... Restoration, had now new interpreters, destined speedily to become new leaders, and younger, as well as more rational and skilful than their predecessors. There were no conspiracies, no risings in any quarter; secret machinations and noisy riots were equally abandoned; everywhere a bolder and yet a more moderate line of conduct was adopted, more prudent, and at the same time more efficacious. In public discussion, appeal was made to examples from history ...
— Memoirs To Illustrate The History Of My Time - Volume 1 • Francois Pierre Guillaume Guizot

... ancient papers with their great Old English capitals, their stiff flourishes, their quaint abbreviations, we should scarcely have been startled to see a peruked head bend above them and a hand with noisy quill go tracing along the lines of those long-ago ...
— Virginia: The Old Dominion • Frank W. Hutchins and Cortelle Hutchins

... later the great liner was warped securely alongside the great landing stage, while the whistle shrieked a noisy greeting. Passengers hurried from one group to another, shaking hands in a final farewell with shipboard acquaintances whom they had come to know so well in so short a time. Porters hurried past, laden with luggage, and groups of eager passengers ...
— Lucile Triumphant • Elizabeth M. Duffield

... of interest was a noisy wrangle among the warriors as to the distribution of the prisoners. To his great terror, Hennepin was assigned to Aquipagetin, the wily old villain who had insisted on the death of the Frenchmen and had persistently blackmailed them. "Surely now {303} my time has come," the friar said to ...
— French Pathfinders in North America • William Henry Johnson

... all at once, real boys, real girls! How long it was since she had seen any! She capered and jumped in a way which astonished Miss Inches, and her high spirits so infected the rest that a general romp set in, and the party grew noisy to an appalling degree. ...
— Nine Little Goslings • Susan Coolidge

... glass you will weep over yourself—you will be foolishly happy, or become stupidly noisy. From this glass will spring Prince Carnival, flippant and crack-brained. He will entice you to accompany him; you will forget your respectability, if you have any; you will forget more than you ought or dare forget. ...
— The Sand-Hills of Jutland • Hans Christian Andersen

... down to look at my quarters, told me it was the owl. Mellowed by the distance, and heard alone, at night, it was a most melancholy and boding sound. Through nearly all the night they kept it up, answering one another slowly at regular intervals. This was relieved by the noisy coyotes, some of which came quite near to my quarters, and were not very pleasant neighbors. The next morning, before sunrise, the long-boat came ashore, and the hides ...
— Two Years Before the Mast • Richard Henry Dana

... can touch the magic string, And noisy Fame is proud to win them:— Alas for those that never sing, But die with all their ...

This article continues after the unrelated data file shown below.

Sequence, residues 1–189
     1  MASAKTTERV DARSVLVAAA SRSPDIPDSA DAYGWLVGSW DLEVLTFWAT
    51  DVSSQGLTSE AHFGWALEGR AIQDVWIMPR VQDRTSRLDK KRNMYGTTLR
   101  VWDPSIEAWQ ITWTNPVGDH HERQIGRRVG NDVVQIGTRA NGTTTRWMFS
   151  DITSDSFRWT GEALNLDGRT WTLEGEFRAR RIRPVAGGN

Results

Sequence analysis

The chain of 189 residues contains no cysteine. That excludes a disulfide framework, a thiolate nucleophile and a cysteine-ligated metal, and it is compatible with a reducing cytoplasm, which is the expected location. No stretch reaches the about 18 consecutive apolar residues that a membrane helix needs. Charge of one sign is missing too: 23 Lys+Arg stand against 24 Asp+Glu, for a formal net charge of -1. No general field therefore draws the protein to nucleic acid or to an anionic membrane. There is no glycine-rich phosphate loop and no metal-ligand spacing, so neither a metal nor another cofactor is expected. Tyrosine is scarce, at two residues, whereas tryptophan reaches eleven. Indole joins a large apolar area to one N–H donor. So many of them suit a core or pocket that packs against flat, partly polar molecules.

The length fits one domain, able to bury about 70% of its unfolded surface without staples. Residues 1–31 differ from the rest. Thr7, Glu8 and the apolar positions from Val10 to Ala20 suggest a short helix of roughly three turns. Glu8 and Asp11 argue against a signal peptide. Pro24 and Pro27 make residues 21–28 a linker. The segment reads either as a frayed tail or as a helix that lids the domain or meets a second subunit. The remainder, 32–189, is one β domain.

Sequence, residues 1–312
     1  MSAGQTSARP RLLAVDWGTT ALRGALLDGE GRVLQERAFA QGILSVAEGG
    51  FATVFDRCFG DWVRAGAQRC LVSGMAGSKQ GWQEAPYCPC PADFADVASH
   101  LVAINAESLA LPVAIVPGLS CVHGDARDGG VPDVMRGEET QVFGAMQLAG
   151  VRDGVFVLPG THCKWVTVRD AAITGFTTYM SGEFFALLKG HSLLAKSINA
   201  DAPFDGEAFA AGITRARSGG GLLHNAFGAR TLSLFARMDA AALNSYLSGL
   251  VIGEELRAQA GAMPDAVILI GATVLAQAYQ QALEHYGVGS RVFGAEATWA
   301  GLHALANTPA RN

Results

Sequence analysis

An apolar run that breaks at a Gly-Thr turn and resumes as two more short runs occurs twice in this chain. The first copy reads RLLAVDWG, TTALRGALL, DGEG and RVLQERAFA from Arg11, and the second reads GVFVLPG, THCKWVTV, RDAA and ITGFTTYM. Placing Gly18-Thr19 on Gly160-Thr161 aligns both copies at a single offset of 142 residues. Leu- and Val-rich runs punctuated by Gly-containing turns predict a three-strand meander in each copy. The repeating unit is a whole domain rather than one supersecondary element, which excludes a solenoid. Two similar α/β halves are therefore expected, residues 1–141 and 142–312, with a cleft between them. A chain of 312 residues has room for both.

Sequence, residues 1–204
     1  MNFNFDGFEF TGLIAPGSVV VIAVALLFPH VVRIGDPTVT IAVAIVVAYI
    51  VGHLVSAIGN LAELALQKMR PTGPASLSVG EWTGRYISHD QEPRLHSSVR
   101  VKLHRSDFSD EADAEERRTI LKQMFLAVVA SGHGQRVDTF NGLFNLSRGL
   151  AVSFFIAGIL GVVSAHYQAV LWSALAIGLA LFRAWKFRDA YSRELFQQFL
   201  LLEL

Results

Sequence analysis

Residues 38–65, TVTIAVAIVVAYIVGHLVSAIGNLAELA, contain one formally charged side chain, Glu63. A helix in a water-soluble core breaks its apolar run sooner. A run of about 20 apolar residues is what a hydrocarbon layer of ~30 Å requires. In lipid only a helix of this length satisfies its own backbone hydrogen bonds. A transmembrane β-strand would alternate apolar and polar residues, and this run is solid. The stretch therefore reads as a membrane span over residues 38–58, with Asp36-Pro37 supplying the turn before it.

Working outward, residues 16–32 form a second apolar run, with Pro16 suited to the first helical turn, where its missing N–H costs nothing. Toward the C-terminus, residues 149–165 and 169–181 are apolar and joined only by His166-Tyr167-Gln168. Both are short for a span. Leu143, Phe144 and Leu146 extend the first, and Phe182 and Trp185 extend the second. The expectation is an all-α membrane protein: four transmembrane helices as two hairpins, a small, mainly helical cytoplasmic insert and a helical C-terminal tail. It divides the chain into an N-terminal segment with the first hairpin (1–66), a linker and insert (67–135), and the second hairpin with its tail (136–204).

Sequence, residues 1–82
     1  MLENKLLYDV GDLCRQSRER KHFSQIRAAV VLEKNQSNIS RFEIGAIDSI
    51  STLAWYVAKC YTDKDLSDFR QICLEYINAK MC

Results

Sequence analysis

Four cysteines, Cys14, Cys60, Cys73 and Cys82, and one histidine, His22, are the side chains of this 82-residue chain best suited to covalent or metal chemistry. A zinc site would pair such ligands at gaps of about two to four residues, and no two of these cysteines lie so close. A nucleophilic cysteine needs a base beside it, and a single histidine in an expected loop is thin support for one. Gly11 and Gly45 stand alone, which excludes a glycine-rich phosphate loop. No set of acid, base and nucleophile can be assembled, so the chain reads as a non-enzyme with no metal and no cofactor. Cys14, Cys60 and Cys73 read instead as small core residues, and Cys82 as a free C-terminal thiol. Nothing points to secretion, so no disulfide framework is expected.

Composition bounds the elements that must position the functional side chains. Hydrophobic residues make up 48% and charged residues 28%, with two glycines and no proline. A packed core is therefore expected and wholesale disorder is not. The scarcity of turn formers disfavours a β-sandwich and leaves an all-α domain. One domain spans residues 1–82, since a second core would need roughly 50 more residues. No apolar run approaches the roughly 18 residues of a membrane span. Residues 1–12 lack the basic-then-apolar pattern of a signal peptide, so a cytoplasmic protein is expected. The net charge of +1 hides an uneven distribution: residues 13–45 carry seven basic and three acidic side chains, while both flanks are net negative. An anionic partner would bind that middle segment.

— History of American Literature • Reuben Post Halleck

... to avoid the high ground altogether and pass his troops through on to the plateau beyond. He still held the Ford at Potgieter's and commanded the country beyond with heavy guns on Mount Alice and at Swartz Kop, so that he could pass troops over at his will. He would make a noisy demonstration against Brakfontein, then suddenly seize Vaalkranz, and so, as he hoped, hold the outer door which opened on to the ...
— The Great Boer War • Arthur Conan Doyle

... have taken place since that remote date (1642), the grandeur of the scenes spread before us evidently showed that the country has lost little of its beauty, even at the present day, nothwithstanding the white man has established in many places his smoking factories and noisy looms. ...
— By Water to the Columbian Exposition • Johanna S. Wisthaler

... the coast would have afforded greater pleasure had it lacked the noisy presence of an itinerant opera company whose members persisted, day and night, in exercising their lungs to the accompaniment of an alleged piano in the cabin. I have a far more pleasant recollection, or rather a memory because it stays with ...
— Cuba, Old and New • Albert Gardner Robinson

... to ourselves, I have not much to say; we have now a terribly noisy house with the whooping cough, but otherwise are all well. Far the greatest fact about myself is that I have at last quite done with the everlasting barnacles. At the end of the year we had two of our little boys very ill with fever and bronchitis, and all sorts of ailments. Partly for amusement, ...
— The Life and Letters of Charles Darwin, Volume I • Francis Darwin

... bar into the quiet street. They dispersed slowly, talking immoderately, parting with the regret of lovers from the warm bar with its cheerful light and pleasant clink of glasses. The doors were closed, but the bar was still noisy, and the laggards slipped out cautiously by the side door, where a barman kept watch for the police. Presently the bricklayer came out, alone. He stood on the footpath, slightly fuddled, his giddiness increased by the fresh air. Immediately Chook ...
— Jonah • Louis Stone

... rustic neighbours, and Anthony wove the whole matter into this story, with the giant and the (of course enchanted) ram just mentioned; and the beautiful Alie who hates all men (or nearly all); and her father, a powerful druid, who is the giant's enemy; and the Prince de Noisy and the Vicomte de Gonesse, and other personages of the environs of Paris, who were no doubt recognisable and interesting once, but who, whether recognisable or not, are not specially interesting now. To repeat that ...
— A History of the French Novel, Vol. 1 - From the Beginning to 1800 • George Saintsbury